Most of the codes in category 345 require a fifth digit subclassification to complete the code. Fifth digit 0 is for without mention of intractable epilepsy. Fifth digit 1 is with intractable epilepsy and includes the terms “pharmaco-resistant,” “poorly controlled,” “refractory,” or “treatment resistant.” Codes 345.2, Petit mal status, and 345.3, Grand mal status, do not require fifth digit subclassification.

Seizures documented as the late effect of stroke are classified to code 438.89, Other late effects of cerebrovascular disease. An additional code may be assigned for the specific type of seizure/seizure disorder (code 780.39 or category 345) documented.

Coding and sequencing for seizures and epilepsy are dependent on the physician documentation in the medical record and application of the Official Coding Guidelines for inpatient care. Also, use specific AHA Coding Clinic for ICD-9-CM and American Medical Association CPT Assistant references to ensure complete and accurate coding.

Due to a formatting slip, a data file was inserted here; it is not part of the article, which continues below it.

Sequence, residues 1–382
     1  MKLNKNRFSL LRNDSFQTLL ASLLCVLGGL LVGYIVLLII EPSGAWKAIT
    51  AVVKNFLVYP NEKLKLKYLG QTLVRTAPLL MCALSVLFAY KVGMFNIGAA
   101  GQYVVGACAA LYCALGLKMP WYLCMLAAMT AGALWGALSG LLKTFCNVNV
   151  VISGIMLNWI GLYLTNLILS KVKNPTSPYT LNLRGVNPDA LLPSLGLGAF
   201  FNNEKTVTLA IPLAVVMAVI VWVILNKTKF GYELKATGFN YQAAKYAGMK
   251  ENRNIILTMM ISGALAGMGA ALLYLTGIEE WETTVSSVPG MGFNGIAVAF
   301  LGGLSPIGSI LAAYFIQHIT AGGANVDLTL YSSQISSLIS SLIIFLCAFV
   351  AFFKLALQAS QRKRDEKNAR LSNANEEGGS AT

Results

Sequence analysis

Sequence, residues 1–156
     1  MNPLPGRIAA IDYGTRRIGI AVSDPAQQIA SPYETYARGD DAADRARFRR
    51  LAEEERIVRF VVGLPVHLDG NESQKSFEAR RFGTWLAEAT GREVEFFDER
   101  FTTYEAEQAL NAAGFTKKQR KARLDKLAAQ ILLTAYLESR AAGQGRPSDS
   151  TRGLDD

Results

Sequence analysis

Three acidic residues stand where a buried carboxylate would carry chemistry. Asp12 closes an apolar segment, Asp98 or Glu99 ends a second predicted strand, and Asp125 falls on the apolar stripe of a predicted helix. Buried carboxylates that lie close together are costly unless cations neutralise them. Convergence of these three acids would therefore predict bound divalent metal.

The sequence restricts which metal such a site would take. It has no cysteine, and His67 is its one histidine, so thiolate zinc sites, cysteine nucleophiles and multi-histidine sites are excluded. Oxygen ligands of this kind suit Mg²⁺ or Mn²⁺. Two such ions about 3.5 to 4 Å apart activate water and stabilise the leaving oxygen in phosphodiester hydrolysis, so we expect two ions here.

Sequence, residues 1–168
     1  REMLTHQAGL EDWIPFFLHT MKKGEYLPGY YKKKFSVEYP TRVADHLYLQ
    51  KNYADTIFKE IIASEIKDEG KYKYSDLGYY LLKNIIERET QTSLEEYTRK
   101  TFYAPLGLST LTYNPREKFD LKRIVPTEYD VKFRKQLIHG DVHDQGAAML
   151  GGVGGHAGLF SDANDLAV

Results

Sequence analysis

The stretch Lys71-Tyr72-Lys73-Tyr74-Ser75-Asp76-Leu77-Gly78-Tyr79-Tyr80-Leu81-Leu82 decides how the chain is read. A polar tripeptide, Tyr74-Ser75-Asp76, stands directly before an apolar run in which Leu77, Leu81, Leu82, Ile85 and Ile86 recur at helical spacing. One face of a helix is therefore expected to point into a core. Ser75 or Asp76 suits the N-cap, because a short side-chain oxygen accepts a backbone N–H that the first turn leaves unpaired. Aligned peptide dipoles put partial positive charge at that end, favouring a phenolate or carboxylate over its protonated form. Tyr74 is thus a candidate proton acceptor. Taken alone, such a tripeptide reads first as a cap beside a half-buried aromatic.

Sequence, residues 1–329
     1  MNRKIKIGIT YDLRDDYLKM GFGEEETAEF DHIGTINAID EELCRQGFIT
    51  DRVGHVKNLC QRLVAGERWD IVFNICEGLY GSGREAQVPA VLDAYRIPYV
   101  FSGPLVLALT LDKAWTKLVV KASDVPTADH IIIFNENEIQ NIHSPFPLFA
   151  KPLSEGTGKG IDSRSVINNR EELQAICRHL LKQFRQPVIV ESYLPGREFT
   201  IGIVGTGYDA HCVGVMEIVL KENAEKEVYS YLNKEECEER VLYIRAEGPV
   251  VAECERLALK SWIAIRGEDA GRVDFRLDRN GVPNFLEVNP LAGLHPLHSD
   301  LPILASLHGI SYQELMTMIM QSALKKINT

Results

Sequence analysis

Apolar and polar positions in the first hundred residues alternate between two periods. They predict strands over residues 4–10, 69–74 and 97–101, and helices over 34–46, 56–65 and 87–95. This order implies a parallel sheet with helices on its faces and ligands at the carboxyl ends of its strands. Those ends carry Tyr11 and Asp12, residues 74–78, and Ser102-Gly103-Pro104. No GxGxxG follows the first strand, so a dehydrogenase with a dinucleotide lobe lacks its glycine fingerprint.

— This information was prepared by Audrey Howard, RHIA, of 3M Consulting Services. 3M Consulting Services is a business of 3M Health Information Systems, a supplier of coding and classification systems to more than 5,000 healthcare providers. The company and its representatives do not assume any responsibility for reimbursement decisions or claims denials made by providers or payers as the result of the misuse of this coding information. More information about 3M Health Information Systems is available at www.3mhis.com or by calling 800-367-2447.


ICD-10-CM Coding for Seizures and Epilepsy
Coding for seizures and epilepsy in ICD-10-CM is similar to ICD-9-CM. ICD-10-CM category G40 is titled “Epilepsy and recurrent seizures.” The following are the fourth character subcategories for epilepsy: